anyone has been following along for the last 7 years, I started this journey doing an Internet radio show out of Stroudsburg, PA. I was blogging mostly local NJ artists slowly, and my format was “alternative” which gave me the freedom to take it wherever it went…and went, it did. One Sunday I decided to go full ska and had two of my dearest friends in the studio with me. My FM DJ girlfriend Lindsay and my friend in music and giant cans of pudding, Rob. I would be doing on-air interviews with Steve Jackson from the Pietasters and Travis from Hub City Stompers. There was beer. There was laughing. More than anything, there was a realization that this has always been the music that got deepest into my soul and why in the hell was this not my focus?
After a roof collapse and two station location shifts, our home base disbanded and a few of us, like myself, decided to hop into podcasting and continue with blogging reviews. I somehow garnered myself a lot of support in the ska and reggae community here on the East Coast and found myself this incredible home base in a scene that has been a love of mine for over 20 years now. In the last couple of years, thanks to my jam scene bassist husband, I have found myself pulled and expanded into other musical realms. I have found love in funk and jam bands and their respective festival atmospheres and friendly crowds. I have found kinship among a scene I honestly knew very little about and feel a bit silly now to have been so firmly biased to because really…it’s so very much the same in a lot of ways.
In my travels between these two worlds, I have discovered there is this amazing middle place that defies a description. These bands that yes, fall into a genre of course but represent these gold threads in between these segmented scenes and their firmly planted participants. In the ska and reggae community, there is much talk about the concept of unity in the scene. I have found a similar focal point in discussions of the jam scene as well. The bands all play together, they hop on stage with one another, they blend. The fan base is full of love and acceptance (there are always exceptions), friends to be made and lifelong connections to create. These two fan bases and scenes are separate, but that middle place connects them. This is where I found bands like Spiritual Rez and Kung Fu. This is where I just found The Elovaters.
This incredible Boston reggae/rock/jam fusion is so much what I have been seeking out that walks the line between the scenes. They have this incredible smooth reggae feel, injected with flavors of rock, funk, and tastes of R&B. They have a strong percussion groove while lead by vocals that have very honestly knocked my socks off to the point that I find no need to ever wear socks again. I am blown out of the water by this band. They have that club reggae sound while pulling along this jam flow groove that goes on for days. I am floored.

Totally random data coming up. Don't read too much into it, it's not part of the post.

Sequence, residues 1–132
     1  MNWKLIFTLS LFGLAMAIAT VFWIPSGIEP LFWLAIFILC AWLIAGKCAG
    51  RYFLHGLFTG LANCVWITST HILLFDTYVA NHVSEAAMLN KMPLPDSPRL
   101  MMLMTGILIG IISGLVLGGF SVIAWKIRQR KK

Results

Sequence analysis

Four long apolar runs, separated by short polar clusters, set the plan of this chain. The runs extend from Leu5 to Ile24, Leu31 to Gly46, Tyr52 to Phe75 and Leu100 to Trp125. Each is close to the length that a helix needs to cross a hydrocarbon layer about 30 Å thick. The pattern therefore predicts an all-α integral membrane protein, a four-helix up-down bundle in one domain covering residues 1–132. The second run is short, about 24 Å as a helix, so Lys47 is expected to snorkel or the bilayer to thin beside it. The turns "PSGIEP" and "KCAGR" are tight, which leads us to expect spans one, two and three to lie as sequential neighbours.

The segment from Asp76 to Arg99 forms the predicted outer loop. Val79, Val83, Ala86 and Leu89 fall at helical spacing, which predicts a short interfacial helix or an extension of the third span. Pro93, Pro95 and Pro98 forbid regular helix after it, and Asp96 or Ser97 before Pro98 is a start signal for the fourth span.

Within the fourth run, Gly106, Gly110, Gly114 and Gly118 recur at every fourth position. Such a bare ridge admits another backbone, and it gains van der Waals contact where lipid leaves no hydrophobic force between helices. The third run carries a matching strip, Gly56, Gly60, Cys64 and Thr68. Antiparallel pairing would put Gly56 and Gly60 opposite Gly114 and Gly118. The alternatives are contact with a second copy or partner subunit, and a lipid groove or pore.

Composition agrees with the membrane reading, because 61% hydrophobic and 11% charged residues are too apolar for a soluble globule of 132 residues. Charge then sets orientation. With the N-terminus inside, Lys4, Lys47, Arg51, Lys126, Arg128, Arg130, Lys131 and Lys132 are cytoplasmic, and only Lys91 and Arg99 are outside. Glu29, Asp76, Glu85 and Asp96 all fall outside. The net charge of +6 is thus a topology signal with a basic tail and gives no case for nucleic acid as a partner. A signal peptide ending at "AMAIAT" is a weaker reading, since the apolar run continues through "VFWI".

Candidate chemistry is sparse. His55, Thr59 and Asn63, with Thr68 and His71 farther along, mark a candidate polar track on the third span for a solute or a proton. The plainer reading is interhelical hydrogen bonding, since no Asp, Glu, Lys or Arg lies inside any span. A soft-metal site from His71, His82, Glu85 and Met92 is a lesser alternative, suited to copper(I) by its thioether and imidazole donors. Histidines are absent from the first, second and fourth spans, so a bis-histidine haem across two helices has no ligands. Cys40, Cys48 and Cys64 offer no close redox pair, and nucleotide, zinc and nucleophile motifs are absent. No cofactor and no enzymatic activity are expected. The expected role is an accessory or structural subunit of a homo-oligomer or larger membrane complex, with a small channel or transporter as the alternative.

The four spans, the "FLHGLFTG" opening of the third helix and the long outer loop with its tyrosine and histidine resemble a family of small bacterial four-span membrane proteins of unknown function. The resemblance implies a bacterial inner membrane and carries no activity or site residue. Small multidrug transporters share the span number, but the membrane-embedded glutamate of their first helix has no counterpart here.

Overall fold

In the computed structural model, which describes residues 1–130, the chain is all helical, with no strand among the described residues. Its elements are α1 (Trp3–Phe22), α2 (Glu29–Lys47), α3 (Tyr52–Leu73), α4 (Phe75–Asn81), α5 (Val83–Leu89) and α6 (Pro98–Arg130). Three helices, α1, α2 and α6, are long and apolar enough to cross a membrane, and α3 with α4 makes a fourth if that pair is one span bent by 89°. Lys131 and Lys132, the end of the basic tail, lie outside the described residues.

Their album The Cornerstone is a mellow love trip somewhere there is sunshine all day and beer in the cooler. From start to finish, this is a record you will not skip tracks on. If you want to jump around, pull up Rude Girl. Body moving bass groove that comes in smooth, goes down low, and builds back in with tasty guitar piece that has a sweet 70’s feel. Pull up Help Me Through next and you will be treated to more sweet vocals and light, clean horns throughout. The horns on this record are understated and perfectly mixed in with the groove. It gives the whole record this slight jazz taste underneath that strong reggae and it’s wonderful.
The vocals are incredible. I have said it in damn near every review I have ever done that I am a straight up vocal whore. I only recently branched into instrumental music because I need that narration. It just makes me happy. The Elovaters have vocals down to a science. This record gives you sweet and tasty reggae straight through from beginning to end but man – the vocals are versatile as hell and it’s so much fun. It’s easy for a band to get into a rut on an album because they are good at what works and they take that straight through. This is NOT that record. The biggest thing I want to stress though is how clean the sound is. It’s mellow and clean but when it kicks in, you feel it straight into your soul. This is honestly my new favorite album.
Don’t Wanna Love You – I can’t get enough of the vocals on this album, and this song has them, but the guitar is tasty and flowing, the drums are perfectly on point, and the bass line in this song is so much groove. You will be singing along by the end of the song. And then you should put it on again. And again.
Home – This is a dance in my kitchen while I mix myself a cocktail song. As soon as it starts, you WILL feel it, but it changes. It rises and falls and your body will move with it. I am really kind of curious and excited to see this song live. The energy must be infectious. This song is sexy as hell.
Thailand – This song appeals to everything I love about music. The vocals and the lyrics are beautiful. I mean kick you in the feels beautiful. It’s soft and silky while still holding a groove. This is hold the one you love close and maybe get a little touchy kind of song. It’s just so beautiful. If this song was written about you, you must be platinum.
The Elovaters are a new obsession of mine. As the spring starts to bloom here in New Jersey, I am looking forward to warm days in the back yard with the grill fired up hot, beer in the koozie cold, and this album on high volume. If you are in the New York/New Jersey area, these guys will be at The Stanhope House on May 3rd. For more info on their dates, check out the listing Here. Get out and see The Elovaters. I will surely see you out there.
For more information on The Elovaters, check their website here or their Facebook here.